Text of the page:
And you did not become the victim of a rude, conceited, rash, and headstrong youth, who one moment gratifies his lust, and the next has a fresh object; who every night shifts his abode, and every day changes his mistress:

 Young men are lively and handsome,

But they keep good faith with nobody.

Expect not constancy from nightingales,

Who will every moment serenade a fresh rose.

Whereas my class of seniors regulate their lives by good breeding and sense, and are not deluded by youthful igno­rance:

 Court the society of a superior,

And make much of the opportunity;

For, in the company of an equal,

Your good fortune must decline.'”

The old man continued: “I spoke a great deal in this style, and thought that I had caught her heart in my snare, and made sure of her as my prey; when she suddenly drew a cold sigh from the bottom of a much afflicted bosom, and answered:

13  “All this speech which you have delivered has not, in the scale of my judgment, the weight of that one sentence which I have heard of my nurse: that it were better to plant a spear in a young maiden's side than to lay her by an old man in bed!”:

Much contention and strife will arise

In that house where the wife shall get up

Dissatisfied with her husband.

Unable to rise without the help of a staff,

How can an old man stir the staff of life?”  


14  In short, there being no prospect of concord, they agreed to separate. After the period prescribed by the law, they united her in marriage with a young man of an ill-tempered and sullen disposition and in very narrow circumstances, so that she endured much tyranny and violence, penury and hardship.

Yet she was offering up thanksgivings for the Almighty's goodness, and saying: “Praised be God that I have escaped from such hell-torment, and secured a blessing so permanent:

Amid all this violence and impetuosity of temper,

I bear with your caprice, because you are lovely.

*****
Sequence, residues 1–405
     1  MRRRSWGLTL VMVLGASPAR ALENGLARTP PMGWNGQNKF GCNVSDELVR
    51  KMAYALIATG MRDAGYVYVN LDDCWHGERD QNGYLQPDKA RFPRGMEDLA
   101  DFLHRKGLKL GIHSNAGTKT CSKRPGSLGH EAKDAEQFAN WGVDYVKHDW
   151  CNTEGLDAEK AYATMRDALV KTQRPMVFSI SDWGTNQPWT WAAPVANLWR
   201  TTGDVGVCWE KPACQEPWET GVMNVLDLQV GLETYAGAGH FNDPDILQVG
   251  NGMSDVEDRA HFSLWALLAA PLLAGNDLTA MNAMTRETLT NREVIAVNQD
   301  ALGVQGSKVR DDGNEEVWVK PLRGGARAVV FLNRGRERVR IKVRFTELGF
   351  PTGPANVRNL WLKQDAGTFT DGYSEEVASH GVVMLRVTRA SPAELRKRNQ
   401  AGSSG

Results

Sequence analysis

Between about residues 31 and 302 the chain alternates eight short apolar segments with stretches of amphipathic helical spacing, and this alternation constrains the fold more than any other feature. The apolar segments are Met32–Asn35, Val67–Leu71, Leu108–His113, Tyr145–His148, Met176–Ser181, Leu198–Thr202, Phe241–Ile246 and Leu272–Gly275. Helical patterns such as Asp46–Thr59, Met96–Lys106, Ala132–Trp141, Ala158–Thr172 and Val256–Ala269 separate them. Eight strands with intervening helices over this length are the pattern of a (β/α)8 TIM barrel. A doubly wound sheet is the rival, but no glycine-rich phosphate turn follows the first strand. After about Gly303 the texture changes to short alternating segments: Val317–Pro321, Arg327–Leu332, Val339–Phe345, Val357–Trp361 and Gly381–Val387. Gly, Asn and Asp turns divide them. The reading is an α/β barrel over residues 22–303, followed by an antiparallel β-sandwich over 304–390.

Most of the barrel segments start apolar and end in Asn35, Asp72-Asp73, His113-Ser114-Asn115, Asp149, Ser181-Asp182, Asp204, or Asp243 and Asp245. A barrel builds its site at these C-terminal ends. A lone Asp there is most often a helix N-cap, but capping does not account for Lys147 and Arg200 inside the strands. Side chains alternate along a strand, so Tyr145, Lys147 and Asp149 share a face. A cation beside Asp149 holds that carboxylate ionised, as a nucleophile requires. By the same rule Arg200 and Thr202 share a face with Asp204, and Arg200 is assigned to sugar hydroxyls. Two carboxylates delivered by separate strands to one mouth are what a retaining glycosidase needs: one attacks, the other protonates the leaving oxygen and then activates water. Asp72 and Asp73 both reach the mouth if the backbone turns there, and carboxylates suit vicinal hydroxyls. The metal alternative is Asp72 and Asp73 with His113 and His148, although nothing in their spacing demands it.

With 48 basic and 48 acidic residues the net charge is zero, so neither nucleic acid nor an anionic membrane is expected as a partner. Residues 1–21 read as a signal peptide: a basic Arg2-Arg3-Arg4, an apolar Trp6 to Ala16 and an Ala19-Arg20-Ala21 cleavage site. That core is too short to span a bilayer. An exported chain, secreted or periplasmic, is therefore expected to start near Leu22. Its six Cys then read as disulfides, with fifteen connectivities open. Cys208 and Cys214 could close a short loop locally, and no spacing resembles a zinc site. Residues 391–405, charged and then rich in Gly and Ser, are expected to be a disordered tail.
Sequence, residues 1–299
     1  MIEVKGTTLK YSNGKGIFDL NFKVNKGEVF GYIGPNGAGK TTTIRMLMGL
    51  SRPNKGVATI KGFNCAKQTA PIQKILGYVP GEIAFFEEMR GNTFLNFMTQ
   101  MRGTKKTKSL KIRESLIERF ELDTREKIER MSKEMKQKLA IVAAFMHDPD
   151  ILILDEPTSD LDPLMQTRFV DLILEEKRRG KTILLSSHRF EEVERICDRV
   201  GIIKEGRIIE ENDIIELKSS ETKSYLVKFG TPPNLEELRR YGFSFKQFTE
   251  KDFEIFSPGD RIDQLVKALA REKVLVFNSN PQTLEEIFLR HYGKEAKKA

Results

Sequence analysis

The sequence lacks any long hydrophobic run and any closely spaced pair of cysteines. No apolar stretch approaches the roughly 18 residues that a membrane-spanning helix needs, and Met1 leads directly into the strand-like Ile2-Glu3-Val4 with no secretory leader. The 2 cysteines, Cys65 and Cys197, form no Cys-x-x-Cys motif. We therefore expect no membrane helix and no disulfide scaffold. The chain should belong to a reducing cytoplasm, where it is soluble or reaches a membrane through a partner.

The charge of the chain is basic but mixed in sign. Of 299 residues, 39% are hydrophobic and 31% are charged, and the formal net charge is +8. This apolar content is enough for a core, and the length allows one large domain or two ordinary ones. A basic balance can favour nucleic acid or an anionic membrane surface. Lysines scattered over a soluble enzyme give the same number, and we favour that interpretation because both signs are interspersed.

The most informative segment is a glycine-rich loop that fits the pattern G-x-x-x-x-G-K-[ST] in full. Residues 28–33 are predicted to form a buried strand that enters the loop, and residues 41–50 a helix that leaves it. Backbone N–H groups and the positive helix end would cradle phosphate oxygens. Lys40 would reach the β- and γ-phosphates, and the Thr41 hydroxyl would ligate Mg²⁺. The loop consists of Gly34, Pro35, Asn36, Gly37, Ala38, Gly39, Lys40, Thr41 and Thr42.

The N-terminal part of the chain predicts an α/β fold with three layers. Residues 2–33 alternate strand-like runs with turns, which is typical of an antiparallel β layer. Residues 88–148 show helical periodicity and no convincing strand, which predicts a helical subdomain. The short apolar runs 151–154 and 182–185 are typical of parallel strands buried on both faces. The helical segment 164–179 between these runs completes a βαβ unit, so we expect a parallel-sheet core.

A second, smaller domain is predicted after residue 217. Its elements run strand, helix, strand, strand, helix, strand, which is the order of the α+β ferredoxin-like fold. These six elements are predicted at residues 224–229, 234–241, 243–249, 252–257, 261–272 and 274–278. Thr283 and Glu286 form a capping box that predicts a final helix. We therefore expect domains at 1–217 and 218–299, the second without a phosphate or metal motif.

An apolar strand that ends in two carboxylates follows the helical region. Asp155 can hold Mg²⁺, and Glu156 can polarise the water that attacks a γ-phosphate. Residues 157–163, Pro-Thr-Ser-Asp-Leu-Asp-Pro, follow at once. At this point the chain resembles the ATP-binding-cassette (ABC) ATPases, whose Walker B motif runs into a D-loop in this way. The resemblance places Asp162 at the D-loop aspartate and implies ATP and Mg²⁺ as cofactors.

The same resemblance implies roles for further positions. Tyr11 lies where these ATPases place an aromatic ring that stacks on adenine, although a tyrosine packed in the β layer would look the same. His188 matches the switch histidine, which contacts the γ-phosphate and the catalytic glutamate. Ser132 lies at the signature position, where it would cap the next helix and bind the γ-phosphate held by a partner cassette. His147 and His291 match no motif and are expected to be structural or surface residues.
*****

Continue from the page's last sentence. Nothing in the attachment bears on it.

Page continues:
It were better for me to burn with you in hell-fire

Than to dwell in paradise with another.

The smell of an onion from the mouth of the lovely

Is sweeter than a rose in the hand of the ugly.”


Father and Son

15  In the territory of Diarbekr, or Mesopotamia, I was the guest of an old man, who was very rich, and had a handsome son. One night he told a story, saying: “During my whole life I never had any child but this boy. And in this valley a certain tree is a place of pilgrimage, where people go to supplicate their wants; and many was the night that I have besought God at the foot of that tree before he would bestow upon me this boy.”

I have heard that the son was also whispering to his companions, and saying: “How happy I should be if I could discover the site of that tree, in order that I might pray for the death of my father”.

The gentleman was rejoicing and saying: “What a sensible youth is my son!” and the boy was complaining and crying: “What a tedious old dotard is my father!”


Many years are passing over your head

When you did not visit your father's tomb.

What pious offering  made you to his memory

That you should expect so much from your son?



16  In the west of Africa I saw a schoolmaster of a sour aspect and bitter speech, crabbed, misanthropic, beggarly, and intemperate, inasmuch that the sight of him would derange the ecstasies of the orthodox; and his manner of reading the Koran cast a gloom over the minds of the pious. A number of handsome boys and lovely girls were subject to his despotic sway, who had neither the permission of a smile nor the option of a word, for this moment he would smite the silver cheek of one of them with his hand, and the next put the crystalline legs of another in the stocks.

In time, their parents, I heard, were made aware of a part of his disloyal violence, and beat and drove him from the mosque. And they made over his school to a peaceable creature, so pious, meek, simple, and good-natured that he never spoke till forced to do so, nor would he utter a word that could offend any­body. The children forgot that awe in which they had held their first master, and remarking the angelic disposition of their second master, they became one after another as wicked as devils. Relying on his clemency, they would so neglect their studies as to pass most part of their time at play, and break the tablets of their unfinished tasks over each other's heads: